Once the passion takes hold, you can’t stop.  A woman writes until she wonders why, and sometime later, about the destination. For some publishing is the end game, for others, writing is mystical with great healing powers and gifts the soul endlessly, while others are still struggling with Mrs. Williams definitive rules on writing and don’t know where to start and get tangled up inside a maze of uncertainty and fear of outcome.  Don’t let this be you.  Put your hand on the keyboard, click your BIC, or dip your quill.  Don’t give way to your panic.  Let your mind do the writing.  Somewhere in middle of the beginning, you’ll know where you’re going. Should it take a while longer, remember what Ray Kinsella heard, said, and finally believed, If you build it he will come.  

Whatever brought you to the blank page continue to trust in your passion to write, you’ll get where you need to be.


What does your field of dreams look like?


Writing prompt:  Describe a treasure.

Photo courtesy of Caitlin Elisabeth

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I’m a writer and hoarder of one-size-fits-all panty hose. Until the hose fits over my bum, I write to provide an alternative view on writing and perfection.

43 thoughts on “Field of Dreams

  1. Jo

    This is so true and so well done. If you’ve read my blogs, they are mostly heartfelt and cleansing for me. I write what I feel, or have experienced, or think about. It isn’t something I usually plan, I sit and I write. Somethings write themselves and I am just the typist.
    Like your dad, I have conversations with God all the time. I have sort of written some of those. Using those, I have written, would be more accurate.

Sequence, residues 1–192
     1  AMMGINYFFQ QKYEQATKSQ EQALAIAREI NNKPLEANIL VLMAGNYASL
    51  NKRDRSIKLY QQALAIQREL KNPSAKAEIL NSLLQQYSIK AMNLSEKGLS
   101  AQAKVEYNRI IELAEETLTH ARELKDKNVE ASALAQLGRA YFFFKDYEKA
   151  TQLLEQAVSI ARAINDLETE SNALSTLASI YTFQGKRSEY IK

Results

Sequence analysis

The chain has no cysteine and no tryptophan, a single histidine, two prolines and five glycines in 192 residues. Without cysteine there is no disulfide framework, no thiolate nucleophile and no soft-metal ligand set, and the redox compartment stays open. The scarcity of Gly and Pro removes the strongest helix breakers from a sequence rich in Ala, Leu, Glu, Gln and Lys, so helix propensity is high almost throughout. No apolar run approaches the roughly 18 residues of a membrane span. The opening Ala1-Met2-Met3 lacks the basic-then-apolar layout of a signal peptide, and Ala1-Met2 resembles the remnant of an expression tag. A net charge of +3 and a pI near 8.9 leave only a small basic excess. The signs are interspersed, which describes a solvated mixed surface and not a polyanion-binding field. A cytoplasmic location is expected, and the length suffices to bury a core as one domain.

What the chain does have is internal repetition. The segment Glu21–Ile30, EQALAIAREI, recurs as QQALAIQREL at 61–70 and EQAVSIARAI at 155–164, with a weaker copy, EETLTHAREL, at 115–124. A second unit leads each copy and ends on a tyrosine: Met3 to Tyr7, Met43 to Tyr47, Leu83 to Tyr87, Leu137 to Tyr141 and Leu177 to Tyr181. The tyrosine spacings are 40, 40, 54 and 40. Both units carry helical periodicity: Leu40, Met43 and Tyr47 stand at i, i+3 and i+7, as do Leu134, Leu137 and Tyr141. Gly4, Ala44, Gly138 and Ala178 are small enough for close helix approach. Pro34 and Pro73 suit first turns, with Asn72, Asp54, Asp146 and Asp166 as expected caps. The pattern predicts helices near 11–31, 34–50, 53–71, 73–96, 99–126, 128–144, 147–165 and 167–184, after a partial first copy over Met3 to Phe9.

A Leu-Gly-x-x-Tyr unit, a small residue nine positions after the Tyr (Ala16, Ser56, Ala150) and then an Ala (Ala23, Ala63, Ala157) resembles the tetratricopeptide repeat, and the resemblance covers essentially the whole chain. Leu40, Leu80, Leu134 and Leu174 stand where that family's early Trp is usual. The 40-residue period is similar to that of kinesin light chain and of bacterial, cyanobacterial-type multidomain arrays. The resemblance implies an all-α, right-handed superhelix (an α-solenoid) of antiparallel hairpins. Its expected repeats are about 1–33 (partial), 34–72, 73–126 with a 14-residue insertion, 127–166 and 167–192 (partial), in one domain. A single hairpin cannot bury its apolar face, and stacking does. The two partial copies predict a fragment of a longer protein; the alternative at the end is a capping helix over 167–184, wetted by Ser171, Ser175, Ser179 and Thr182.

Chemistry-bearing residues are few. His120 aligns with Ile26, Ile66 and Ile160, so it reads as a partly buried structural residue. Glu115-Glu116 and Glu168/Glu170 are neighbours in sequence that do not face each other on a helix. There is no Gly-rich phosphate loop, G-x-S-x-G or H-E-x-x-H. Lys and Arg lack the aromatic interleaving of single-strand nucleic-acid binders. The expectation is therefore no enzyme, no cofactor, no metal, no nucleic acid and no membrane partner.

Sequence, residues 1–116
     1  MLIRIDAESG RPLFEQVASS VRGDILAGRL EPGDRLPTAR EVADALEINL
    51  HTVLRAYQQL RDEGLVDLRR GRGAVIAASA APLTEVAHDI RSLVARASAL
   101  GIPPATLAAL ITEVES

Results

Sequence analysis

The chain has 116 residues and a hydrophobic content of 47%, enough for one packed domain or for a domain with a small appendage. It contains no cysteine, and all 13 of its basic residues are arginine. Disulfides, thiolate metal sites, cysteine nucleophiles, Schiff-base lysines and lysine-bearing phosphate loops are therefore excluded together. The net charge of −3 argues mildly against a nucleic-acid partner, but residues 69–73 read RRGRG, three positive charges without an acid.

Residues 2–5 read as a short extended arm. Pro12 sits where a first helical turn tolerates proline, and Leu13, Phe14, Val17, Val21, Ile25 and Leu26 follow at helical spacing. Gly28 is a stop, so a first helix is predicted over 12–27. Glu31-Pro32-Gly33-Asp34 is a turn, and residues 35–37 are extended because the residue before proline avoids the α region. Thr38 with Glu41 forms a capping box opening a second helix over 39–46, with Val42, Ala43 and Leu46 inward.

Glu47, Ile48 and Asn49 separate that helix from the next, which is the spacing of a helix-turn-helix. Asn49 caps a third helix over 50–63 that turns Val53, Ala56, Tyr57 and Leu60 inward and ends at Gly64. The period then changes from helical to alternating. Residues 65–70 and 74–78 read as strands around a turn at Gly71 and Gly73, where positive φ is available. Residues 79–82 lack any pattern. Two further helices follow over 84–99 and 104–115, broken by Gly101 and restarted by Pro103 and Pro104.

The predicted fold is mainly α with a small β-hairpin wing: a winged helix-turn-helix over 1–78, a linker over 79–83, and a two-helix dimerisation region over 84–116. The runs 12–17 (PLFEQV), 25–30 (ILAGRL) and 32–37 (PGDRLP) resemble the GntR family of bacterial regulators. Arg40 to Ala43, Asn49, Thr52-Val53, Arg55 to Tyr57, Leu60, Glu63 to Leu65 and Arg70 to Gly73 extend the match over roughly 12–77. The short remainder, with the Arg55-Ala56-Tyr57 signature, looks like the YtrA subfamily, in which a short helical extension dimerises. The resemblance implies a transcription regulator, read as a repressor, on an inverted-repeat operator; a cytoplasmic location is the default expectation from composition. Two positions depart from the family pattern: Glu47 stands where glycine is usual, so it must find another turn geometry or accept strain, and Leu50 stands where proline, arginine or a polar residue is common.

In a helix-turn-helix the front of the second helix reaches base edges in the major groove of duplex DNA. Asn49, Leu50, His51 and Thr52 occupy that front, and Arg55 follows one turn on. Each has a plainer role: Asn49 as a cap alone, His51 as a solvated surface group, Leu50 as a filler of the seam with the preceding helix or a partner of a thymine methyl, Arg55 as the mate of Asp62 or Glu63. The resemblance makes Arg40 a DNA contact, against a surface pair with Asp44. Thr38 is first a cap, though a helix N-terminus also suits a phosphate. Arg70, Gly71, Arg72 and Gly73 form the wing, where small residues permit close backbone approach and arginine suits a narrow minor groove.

My novels are just stories that developed as I sat at my computer and imagined being the characters I have created. They did write themselves with just a few pointers from me.
    Great thought provoking post. ♥

    • Jo – I am learning this about your writing. You do speak from the depths of your heart. I think I might agree with you about the writer sometimes being the typist and only a facilitator for the writing and the muse.

  2. I love this post, Brenda. Hearing how people started writing is always intriguing because while writers have a lot in common, sometimes how they got into the field is so unique. For me, writing was always a part of me. I just didn’t realize I could do it for a living until 2006 when I decided to go back to school for it. Once I really put myself out there (2009) I was thrown into the hell that is rejection, but when I got that first acceptance, it made up for all the tears–and I was only paid $2. LOL
    Now my field of dreams is full of novels with my name that will hopefully be published.

    • Hugs, Kelly, you always say just what my writer’ soul needs to hear. I wish there were no tears for you (or I) but I suspect this is part of the process. I am a huge believer in ‘if you build it…” I would love to miss ‘hell’ the rejection period. Two bucks, you were never richer than you were in that moment. You’re almost there, sweet girl. I can’t wait to buy the book.

  3. You’ve looked deep inside the souls of writers and you really get it.
    It doesn’t matter if we write well, have a particular method or style – it just matters that we write. We are all driven to fill the page.
    Another great read.

    • Maria – writing is such a person endevor. Why we do it, what we write, how we go about it, and where we are going is equally personal. I do feel the act of writing can make a diffrence in a peron’s life. If lost within life write it down until you find what you’re looking for.